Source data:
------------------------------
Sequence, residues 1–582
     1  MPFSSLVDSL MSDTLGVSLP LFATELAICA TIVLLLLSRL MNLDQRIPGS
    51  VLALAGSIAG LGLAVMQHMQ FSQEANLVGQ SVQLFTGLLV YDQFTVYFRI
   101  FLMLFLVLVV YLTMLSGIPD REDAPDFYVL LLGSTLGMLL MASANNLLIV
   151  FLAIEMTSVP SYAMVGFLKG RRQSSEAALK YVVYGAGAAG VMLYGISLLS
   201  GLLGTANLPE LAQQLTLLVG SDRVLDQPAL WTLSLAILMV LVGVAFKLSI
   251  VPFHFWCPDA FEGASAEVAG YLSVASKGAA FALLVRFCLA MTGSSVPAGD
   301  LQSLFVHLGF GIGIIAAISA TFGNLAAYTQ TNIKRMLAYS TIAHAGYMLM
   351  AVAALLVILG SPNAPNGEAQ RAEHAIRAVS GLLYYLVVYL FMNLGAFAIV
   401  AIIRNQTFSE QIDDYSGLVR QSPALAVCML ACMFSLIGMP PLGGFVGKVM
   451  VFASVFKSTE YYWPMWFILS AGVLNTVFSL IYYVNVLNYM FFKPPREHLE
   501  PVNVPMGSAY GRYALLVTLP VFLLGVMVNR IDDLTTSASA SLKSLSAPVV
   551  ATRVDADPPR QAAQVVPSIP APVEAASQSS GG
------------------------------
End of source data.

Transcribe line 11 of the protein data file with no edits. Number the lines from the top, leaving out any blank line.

   451  VFASVFKSTE YYWPMWFILS AGVLNTVFSL IYYVNVLNYM FFKPPREHLE